When we think of Germany, we often think of them as the awful perpetrators in the Holocaust and of who’s to blame for World War II. But what is their identity today? This year will be 74 years since the end of WWII. From their laws against swastikas and SS symbols to the banning of the Nazi salute in public, Germany appears to be recognizing the past and taking steps to ensure it doesn’t repeat the same mistakes. Yet, there was still one thing that stood out to me as being nonprogressive towards ending Nazism: The Memorial for the Murdered Jews of Europe in Berlin.
Talks of building the Memorial for the Murdered Jews of Europe was in the works all the way back in the 1980s, but it wasn’t awarded funding by the German Federal Parliament until 1999 and construction didn’t begin until 2003. Finally, the Memorial was completed and opened to the public in 2005. The fact that it took nearly 25 years to get this memorial established in such a key place in Germany was really striking to me. Whether this was due to the fact that many perpetrators, collaborators, and bystanders of World War II and the Holocaust were still alive during that time period or if it was Germany’s unwillingness to take responsibility for their past, this seemed like a job that was well overdue.
The name of this memorial also stood out to me because it does not disclose who murdered the Jews of Europe, when or exactly where they were murdered, nor does it include any mention of the Holocaust or Nazism. In addition, the historical placement of this site is important because it in the city center where most of the deportations took place. The Memorial for the Murdered Jews of Europe is also located around the corner from the infamous Führerbunker where Hitler committed suicide. This could be seen as problematic in the fact that it takes the attention off of the Jewish memorial itself.
Since its opening in 2005, there have also been problems of tourists and locals alike, taking pictures, posing on top of and vandalizing the rows of Memorial stones. These acts of insensitivity are extremely dangerous and give the impression that people do not know or care about the genocide of the Jewish people. Like Hannah Arendt pointed out, these “nobodies” are the most dangerous of all when it comes to the Holocaust. This bears the question if the memorial had a stronger and more descriptive name, would people be more empathetic to it?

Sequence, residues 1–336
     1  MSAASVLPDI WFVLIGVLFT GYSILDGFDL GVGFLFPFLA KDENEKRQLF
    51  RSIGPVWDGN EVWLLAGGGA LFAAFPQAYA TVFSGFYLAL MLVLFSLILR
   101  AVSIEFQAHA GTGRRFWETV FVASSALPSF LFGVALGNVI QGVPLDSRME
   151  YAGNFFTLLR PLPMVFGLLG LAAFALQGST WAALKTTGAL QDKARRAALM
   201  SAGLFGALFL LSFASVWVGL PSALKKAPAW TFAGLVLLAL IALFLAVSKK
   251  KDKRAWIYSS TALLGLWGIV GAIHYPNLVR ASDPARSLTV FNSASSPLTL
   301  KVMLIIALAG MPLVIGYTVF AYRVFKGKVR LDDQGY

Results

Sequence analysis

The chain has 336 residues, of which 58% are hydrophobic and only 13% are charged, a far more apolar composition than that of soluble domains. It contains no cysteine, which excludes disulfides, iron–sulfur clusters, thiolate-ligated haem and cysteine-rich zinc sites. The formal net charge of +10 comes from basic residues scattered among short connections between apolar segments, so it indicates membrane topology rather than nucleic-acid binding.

The only thing this memorial seems to have done right would be in the actual construction and design of the Memorial. It consists of various rows of gray rectangle blocks that vary in size, shape, and texture, with an unstable ground that changes in elevation. Visiting this memorial with my comrades only intensified the experience. Walking through the blocks I would see my friends one second and then they were gone the next. There was a sense of uncertainty with no set direction as to how to walk through the memorial and a feeling of instability and chaos in the precarious ground, where you are almost never able to properly catch your footing. The exposure you feel when standing by the short blocks and a sense of isolation you feel while standing by the tall blocks was also something I encountered while visiting. These were all feelings that the Jewish people experienced during the Holocaust. You leave the memorial feeling uncomfortable and unsure, only a minute part of what these victims felt every day of their lives during World War II. This memorial does seem to be a step up against Nazism, but as we can see in the lengthy timeline of construction, vagueness in the title of the memorial and in the insensitivity of visitors, there is still a long way to go for Germany.